All the women and
children were standing on the dock. The wives were talking and waving and the
kids were arguing about who was going to win. I reached over and got a cold can
of beer to get under way with, stretched my legs out and leaned back into the
corner of the seat.
aweigh," somebody yelled, and I could hear Don turn the motor up slowly so
we would move off majestically. The motor got louder and then I heard one of
the wives yelling at us. You couldn't hear what she was saying with the motor
going full blast so I turned around. We all turned around and looked at Don. He
was sitting there staring out at the horizon with the motor wide open and we
were still tied to the dock.
I started to get
that empty feeling in my stomach, and Don turned off the motor. We sat there
for a minute and Don said, "You wouldn't go up in an airplane without
testing the motor."
One of the wives
untied the boat, threw in the line and we drifted away from the dock. I was
sure that the next problem would be the motor not starting and I wondered if we
had an oar. But the motor did kick off and we moved away from the dock and out
toward the channel. Don had one hand on the steering handle and the other in
the air with two fingers up with the victory sign and I wondered which it would
be, Normandy or Dunkirk.
was going fine. With all that weight in the boat we were only doing about three
knots and must have looked like a tug towing garbage barges out of New York
Harbor. It took a long time to go out the channel and to the sea buoy but we
made it, and then we stopped and had a discussion about which way was east.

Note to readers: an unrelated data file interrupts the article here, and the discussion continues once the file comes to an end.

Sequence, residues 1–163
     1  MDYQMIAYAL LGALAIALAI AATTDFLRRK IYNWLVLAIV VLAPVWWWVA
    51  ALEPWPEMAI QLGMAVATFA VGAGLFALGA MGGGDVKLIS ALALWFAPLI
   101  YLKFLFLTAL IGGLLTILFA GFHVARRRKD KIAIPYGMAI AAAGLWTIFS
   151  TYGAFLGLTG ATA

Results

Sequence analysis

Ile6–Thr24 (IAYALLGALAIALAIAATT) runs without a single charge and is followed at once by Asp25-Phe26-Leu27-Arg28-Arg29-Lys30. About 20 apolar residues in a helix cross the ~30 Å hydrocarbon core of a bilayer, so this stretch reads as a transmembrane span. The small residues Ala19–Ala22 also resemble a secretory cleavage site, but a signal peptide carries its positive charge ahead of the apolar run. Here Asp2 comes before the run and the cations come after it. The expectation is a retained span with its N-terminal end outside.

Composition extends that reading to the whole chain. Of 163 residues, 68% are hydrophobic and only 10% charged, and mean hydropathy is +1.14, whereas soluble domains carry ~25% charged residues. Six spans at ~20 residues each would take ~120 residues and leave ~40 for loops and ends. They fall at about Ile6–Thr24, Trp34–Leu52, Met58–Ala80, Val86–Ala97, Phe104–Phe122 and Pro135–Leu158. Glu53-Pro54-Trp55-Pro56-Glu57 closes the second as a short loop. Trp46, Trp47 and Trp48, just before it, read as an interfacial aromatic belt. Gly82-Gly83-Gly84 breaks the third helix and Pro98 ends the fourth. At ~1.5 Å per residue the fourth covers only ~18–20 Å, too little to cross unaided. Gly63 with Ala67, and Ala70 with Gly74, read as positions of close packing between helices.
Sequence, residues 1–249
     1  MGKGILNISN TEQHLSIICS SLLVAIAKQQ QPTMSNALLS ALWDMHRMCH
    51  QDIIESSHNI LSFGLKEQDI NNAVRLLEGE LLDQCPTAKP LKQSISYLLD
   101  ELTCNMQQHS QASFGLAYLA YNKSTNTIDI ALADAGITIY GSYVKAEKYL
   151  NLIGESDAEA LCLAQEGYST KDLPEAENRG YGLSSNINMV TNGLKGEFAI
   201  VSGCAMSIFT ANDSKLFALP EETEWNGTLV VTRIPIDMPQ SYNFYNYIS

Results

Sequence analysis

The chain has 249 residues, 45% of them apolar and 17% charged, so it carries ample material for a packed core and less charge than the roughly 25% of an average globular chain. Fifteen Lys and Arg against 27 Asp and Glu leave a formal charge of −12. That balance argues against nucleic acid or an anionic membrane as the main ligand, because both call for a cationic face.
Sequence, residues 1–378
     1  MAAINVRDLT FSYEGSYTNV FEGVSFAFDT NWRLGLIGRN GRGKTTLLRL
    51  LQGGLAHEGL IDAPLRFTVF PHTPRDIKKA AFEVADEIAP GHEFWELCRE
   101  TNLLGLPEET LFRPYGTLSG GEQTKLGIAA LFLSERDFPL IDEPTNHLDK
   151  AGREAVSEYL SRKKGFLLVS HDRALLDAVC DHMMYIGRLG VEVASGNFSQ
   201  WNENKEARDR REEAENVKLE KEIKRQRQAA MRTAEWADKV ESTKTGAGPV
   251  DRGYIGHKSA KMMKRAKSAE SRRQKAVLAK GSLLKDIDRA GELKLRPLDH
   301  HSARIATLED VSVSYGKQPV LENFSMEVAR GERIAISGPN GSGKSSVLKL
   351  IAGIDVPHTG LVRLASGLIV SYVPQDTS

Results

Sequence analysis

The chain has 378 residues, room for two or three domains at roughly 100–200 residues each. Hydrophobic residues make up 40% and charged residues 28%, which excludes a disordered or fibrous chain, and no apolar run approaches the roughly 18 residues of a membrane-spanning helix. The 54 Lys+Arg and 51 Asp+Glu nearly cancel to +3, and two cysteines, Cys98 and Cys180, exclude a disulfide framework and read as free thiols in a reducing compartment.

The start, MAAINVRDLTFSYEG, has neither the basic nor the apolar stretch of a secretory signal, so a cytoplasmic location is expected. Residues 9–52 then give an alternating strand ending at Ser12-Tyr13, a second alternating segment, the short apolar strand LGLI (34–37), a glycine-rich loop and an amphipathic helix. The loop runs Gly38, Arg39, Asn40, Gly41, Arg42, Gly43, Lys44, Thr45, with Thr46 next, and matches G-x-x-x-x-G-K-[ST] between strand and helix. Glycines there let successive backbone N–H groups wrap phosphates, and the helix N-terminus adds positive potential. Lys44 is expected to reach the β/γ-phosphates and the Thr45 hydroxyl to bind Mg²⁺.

Nobody was sure, and it was around noon so the sun didn't help. We talked about
the prevailing winds and the tides but there wasn't any wind and nobody knew
what the tide was doing and then Ralph said, "I have a compass," and he
was holding a Boy Scout compass in his hand. You really had to wonder what a
guy from Duluth was doing carrying a Boy Scout compass around in his pocket but
he was and he gave it to Don and off we went to the east. We came to Herbie's
lobster buoys just like he said and when we were in the middle of them I threw
the anchor over. This was it. I was itching and ready.
There was plenty
of tension in the boat while we were getting the hooks baited but none of it
was coming from Ralph. He was leaning against the gunwale, trailing his hand in
the water and looking down as if he could see something we couldn't.
Finally we were
ready and Bert looked at his watch, said "Go," and we dropped our lines
in. Actually, Bert and Mel and I dropped our lines in and Don hoisted his over
like it was something on the end of a derrick. I let mine down fast until I
felt the bottom and then raised it up until the sinker was two inches from the
bottom. I had the line over my finger as though I was suturing in open-heart
surgery and I was thinking about the fish down there. Come on, fish, come on, I
kept saying to myself. I wanted that first fish. Then it would be aces wired
with no pair showing. I couldn't lose.
happened. The only thing I felt was my sinker hanging in the water.
went by and Mel had a bite but lost him and nobody else had a thing. I changed
hands and turned around and Ralph was sitting there looking at his hook.
bait do you put on?" he said.